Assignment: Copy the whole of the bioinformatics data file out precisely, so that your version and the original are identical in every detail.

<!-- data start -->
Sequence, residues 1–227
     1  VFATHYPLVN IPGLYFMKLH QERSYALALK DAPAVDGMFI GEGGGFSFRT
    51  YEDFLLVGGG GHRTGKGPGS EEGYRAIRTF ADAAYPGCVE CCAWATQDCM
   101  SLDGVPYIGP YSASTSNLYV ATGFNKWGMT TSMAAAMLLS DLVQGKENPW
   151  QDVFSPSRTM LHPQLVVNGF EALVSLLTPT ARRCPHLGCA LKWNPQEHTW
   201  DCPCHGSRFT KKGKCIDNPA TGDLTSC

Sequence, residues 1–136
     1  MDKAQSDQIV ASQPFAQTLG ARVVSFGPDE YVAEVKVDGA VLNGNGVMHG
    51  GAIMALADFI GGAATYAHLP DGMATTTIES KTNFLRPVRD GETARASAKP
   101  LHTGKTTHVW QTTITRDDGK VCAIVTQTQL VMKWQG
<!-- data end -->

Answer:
Sequence, residues 1–227
     1  VFATHYPLVN IPGLYFMKLH QERSYALALK DAPAVDGMFI GEGGGFSFRT
    51  YEDFLLVGGG GHRTGKGPGS EEGYRAIRTF ADAAYPGCVE CCAWATQDCM
   101  SLDGVPYIGP YSASTSNLYV ATGFNKWGMT TSMAAAMLLS DLVQGKENPW
   151  QDVFSPSRTM LHPQLVVNGF EALVSLLTPT ARRCPHLGCA LKWNPQEHTW
   201  DCPCHGSRFT KKGKCIDNPA TGDLTSC

Sequence, residues 1–136
     1  MDKAQSDQIV ASQPFAQTLG ARVVSFGPDE YVAEVKVDGA VLNGNGVMHG
    51  GAIMALADFI GGAATYAHLP DGMATTTIES KTNFLRPVRD GETARASAKP
   101  LHTGKTTHVW QTTITRDDGK VCAIVTQTQL VMKWQG